Regardless of the size of your business, recruiting the right people will be key to your business success. The problem is recruitment can be very time-consuming and expensive, and so it makes total sense that retaining existing staff is a
What is employee engagement?
Employee engagement is essentially how enthusiastic and motivated your team is, and how committed they are to contributing to overall business goals. There are a few tell-tale signs that an employee is engaged, these include:
- Vigour – their levels of energy, resilience and effort
- Dedication – their levels of enthusiasm, inspiration and pride
- Absorption – being engrossed in the work and finding enjoyment in it.
So, highly engaged employees want to work hard, and feel committed to playing their part in achieving your business goals, and who wouldn’t want employees like that?
Where do I start in engaging my people?
It’s clearly beneficial to have highly engaged people in your team. It means less management time and energy is needed to motivate people. This should make it easier to get everyone pulling in the same direction, because everyone wants to achieve the same overall goal.
A typical engagement strategy might focus on:
- Motivation – what makes people tick and keeps them wanting to come to work each day
- Values – how an individual’s values align with the business values
- Attachment – how loyal your people are to the business, which keeps them wanting to work for you
However, where new employees are concerned, the recruitment process should have covered most of this and it’s more important to maintain those early good impressions.
Engagement starts before the employee does
When a candidate is excited about a role, engagement will start during the recruitment process. It may even start from when they first see the job advert!
Their experiences throughout the process: the communication, the interviews and assessments will all play a role in engaging them and allowing them to get a feel of what it’s like to work for you. By the time you offer them the job, your new starter has already imagined how great working for your business will be.
To maintain that great first impression, it’s a good idea to be organised so their first day can go as smoothly as possible. This could include things like making sure they know the car parking arrangements or the directions to your location, which will help ease any first day nerves.
Once they have started
Having an informative and planned induction in place ready for your new starter will have them feeling valued and excited to get started. This will include making sure they have all the tech and equipment they need as well as any necessary paperwork ready to go.
I won’t go into too much detail about the importance of the induction, but you can read more about it in our great blog on the importance of induction. First impressions count, so make sure you create a good one.
Other important factors to bear in mind
We’ve talked about some of the things that you can do to keep a new member of the team engaged from job offer to when they first join the business, but there are a number of other factors than will affect retention and engagement. These include the working environment they are coming into, the culture of the organisation, the pay and benefits, and the people that they will be working with.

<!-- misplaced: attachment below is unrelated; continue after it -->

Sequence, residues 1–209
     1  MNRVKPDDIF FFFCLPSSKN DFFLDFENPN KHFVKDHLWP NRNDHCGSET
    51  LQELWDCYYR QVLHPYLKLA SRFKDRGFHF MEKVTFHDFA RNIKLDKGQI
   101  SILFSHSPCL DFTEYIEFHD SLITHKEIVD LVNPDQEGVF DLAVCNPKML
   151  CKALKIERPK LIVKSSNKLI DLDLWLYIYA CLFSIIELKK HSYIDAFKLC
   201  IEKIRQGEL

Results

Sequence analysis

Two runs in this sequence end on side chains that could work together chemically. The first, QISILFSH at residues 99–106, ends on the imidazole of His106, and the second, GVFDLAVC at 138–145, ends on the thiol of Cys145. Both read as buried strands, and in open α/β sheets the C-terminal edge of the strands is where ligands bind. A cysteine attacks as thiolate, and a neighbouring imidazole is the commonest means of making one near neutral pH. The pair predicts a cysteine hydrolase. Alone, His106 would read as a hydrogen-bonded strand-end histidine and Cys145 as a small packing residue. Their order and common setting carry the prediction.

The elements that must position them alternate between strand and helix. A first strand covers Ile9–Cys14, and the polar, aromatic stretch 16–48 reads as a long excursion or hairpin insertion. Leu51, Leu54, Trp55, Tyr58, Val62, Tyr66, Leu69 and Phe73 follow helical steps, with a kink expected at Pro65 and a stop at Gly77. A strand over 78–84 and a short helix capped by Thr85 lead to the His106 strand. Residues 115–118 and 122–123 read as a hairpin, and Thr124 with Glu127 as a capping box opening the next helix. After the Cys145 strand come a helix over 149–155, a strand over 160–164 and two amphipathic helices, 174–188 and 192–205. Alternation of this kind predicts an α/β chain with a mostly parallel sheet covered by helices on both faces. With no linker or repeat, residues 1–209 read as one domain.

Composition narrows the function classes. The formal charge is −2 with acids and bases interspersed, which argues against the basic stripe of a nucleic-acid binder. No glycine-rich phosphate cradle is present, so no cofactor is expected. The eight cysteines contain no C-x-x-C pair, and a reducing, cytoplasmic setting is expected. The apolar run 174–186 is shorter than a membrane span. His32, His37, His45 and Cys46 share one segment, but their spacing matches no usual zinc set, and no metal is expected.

It’s a good idea to make sure the pay you are offering is competitive, but we appreciate this won’t always be possible. In those cases, it’s worthwhile making sure the other benefits are great, so your team want to stay!
When it comes to the people that your new starter is going to be working with, you could get them working alongside someone with useful knowledge and experience who may be able to help them learn the role and the way your organisation works. A buddy system for new starters is an easy way for a new member of the team to meet others from around the business and have someone to go with any questions. If you’re already building a supportive and hardworking team, it should be easy for the new person to fit right in, but it’s equally important that they know who to speak to if they have any issues.
What happens next
Continue with the usual induction and probationary processes, monitor the new team members performance and provide any support they need to get them operating at the level you expect.
If you can maintain employee engagement right through the recruitment process, induction and probationary period, you should end up with an employee who is motivated and contributing to achieving your business goals!
Obviously, it’s not only new staff that you want to be engaged, it’s the whole team. So, if you are serious about employee engagement, why not use HR software, such as citrus HR, to run a Pulse Survey. Once you’ve got your survey results you can use that as the basis for making decisions on other ways you could motivate and engage the team.
When you have just offered someone a job, it’s highly likely that they’ll be engaged and very excited about the prospect of joining you. However, what you do between the offer and their start date can make a huge difference to how engaged that employee is by the time day one arrives.
Be organised, plan ahead, and get your communication right and you can keep up the momentum of that job offer to ensure that your new starter arrives fully motivated and absolutely raring to go.
Fancy a chat? Our friendly HR advisors love talking about why employee engagement is so important. Get in touch today by emailing firstname.lastname@example.org or call 0333 014 3888 to find out how we can support your small business keep your team engaged.
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